So, finally, I sit down to publish this long overdue sequel, which has been sitting in my drafts folder for way too long. Well, here we go …
In most books about the Hypogeum in Malta, you are likely to read how unfortunate it is that the excavation was entrusted to Fr Emmanuel Magri, who decided to die without leaving us his notes. Magri died unexpectedly in Tunisia, in 1907, at the age of 56, while he was still working on the reports. So far, 106 years on, there is no trace of his notes yet.
Which brings us to our topic.
5. What are you looking for?
Previous research had generally focused their research on the hope of finding the notes of Magri’s work at the Hypogeum. In a sense, it was a matter of asking the wrong question and, therefore, looking in the wrong places. His notes have not been found, and maybe never will be, but his correspondence has, and has been published (Mallia 1985, 1986; Briffa 2005). The letters to the British Museum, in particular, allow us to glean precious information that was considered lost.
6. Where are you looking? (i.e. know you archives)
It is essential to understand the workings of particular archives. In my experience, once you know the nature of a particular archive, you may understand what may be found, and what not, and so be able to zero in on the material you seek.
The National Archives in Malta, for example, gives you access to government files, still in their original folders. Magri’s papers (Mallia 1985, 1986) form part of the fond relating to the correspondence received by the Lieutenant Governor, a sort of de-facto prime minister at the time, and ultimate chief of all government departments in Malta. Every single petition to the Government seems to have gone through his office, and thankfully that has preserved the correspondence and the related memos, informing us who wrote what, what advice was given on the matter, and also what actions where taken. Regarding Magri’s work, this also means that most of the information related to financing and government related decisions, rather than on archaeological questions as such.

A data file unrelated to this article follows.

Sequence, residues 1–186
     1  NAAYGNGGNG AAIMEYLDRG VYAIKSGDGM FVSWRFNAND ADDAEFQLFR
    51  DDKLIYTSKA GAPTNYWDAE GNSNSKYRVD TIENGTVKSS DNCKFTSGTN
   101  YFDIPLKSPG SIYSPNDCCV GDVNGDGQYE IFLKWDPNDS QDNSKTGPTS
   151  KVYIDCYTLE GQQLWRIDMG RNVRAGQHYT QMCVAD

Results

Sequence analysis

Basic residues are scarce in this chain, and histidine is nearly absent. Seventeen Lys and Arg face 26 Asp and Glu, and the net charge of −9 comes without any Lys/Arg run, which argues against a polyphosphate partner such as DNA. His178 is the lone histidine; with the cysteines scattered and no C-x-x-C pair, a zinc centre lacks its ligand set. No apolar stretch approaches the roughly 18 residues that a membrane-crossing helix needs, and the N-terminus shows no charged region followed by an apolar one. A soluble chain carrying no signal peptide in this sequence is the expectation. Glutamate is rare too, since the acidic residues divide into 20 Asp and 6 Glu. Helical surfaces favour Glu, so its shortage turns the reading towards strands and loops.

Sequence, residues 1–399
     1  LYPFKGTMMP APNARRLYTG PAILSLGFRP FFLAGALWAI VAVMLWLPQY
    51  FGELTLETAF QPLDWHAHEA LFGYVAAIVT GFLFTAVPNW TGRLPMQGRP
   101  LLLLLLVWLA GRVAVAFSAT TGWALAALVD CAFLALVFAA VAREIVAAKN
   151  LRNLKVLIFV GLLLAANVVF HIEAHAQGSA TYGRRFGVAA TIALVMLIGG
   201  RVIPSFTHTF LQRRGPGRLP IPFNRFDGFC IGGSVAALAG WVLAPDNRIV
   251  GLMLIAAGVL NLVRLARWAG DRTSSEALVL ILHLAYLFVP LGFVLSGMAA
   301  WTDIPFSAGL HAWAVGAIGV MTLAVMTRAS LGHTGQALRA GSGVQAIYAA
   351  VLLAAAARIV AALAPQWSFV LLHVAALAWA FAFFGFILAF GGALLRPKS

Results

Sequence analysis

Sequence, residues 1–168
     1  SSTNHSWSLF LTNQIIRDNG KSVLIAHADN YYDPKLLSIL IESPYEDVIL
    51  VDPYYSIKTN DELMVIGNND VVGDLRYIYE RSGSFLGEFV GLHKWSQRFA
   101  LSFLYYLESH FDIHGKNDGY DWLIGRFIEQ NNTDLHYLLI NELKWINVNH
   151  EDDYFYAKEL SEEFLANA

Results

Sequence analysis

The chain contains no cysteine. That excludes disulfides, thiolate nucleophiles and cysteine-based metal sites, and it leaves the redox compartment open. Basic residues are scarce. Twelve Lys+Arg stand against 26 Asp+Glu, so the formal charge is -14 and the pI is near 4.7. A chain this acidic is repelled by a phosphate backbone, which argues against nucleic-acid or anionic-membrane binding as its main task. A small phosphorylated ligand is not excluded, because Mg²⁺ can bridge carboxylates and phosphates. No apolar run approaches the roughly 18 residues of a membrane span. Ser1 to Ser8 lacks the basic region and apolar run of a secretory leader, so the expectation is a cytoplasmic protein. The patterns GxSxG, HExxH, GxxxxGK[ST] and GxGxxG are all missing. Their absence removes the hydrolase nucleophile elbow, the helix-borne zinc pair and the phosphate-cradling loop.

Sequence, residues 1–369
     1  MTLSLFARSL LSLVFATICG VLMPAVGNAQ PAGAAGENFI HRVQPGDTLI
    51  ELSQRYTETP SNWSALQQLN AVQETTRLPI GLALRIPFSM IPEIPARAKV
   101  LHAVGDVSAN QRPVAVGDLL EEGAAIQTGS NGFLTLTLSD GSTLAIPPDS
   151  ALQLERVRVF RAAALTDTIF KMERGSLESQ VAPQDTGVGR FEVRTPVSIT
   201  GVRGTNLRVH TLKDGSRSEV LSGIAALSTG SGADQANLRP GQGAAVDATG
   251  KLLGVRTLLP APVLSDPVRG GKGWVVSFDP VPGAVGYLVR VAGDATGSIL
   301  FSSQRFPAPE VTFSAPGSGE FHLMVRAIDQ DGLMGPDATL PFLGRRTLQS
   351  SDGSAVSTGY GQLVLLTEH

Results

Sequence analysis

In the case of the letters to E.A. Wallis Budge at the British Museum, his Department had the good practice of keep all incoming correspondence, and copies of all outgoing correspondence. The letters can be retrieved easily today, as they are bound by year and then alphabetically, in the case of incoming letters, and sequentially, in the case of outgoing correspondence. If you know who is writing, and in what year, you can find it with great ease. Since Magri was writing to Budge to receive advice, the letters are quite rich in archaeological detail, and help us glean the approach taken to such issues at the time. I was less lucky in the case of Charles Hercules Read, of the then Ethnological Department, who certainly wrote one letter that was forwarded to Magri. I am told that he was less systematic in keeping his correspondence. At times, it is a question of good fortune, or lack of it!
It may be more complicated with private archives, or smaller departments. So, it helps that Magri was corresponding with A.L. Delattre, a Missionary of Africa (the White Fathers), who was digging up Carthage at the time. Due to the stature and importance of his research, the archive of Delattre’s papers is well kept by his religious order at their Curia in Rome. Not all letters of religious, or other academics for that matter, are kept with the same care. As a general rule, it is more likely for correspondence within institutions to be kept, than that of individual persons.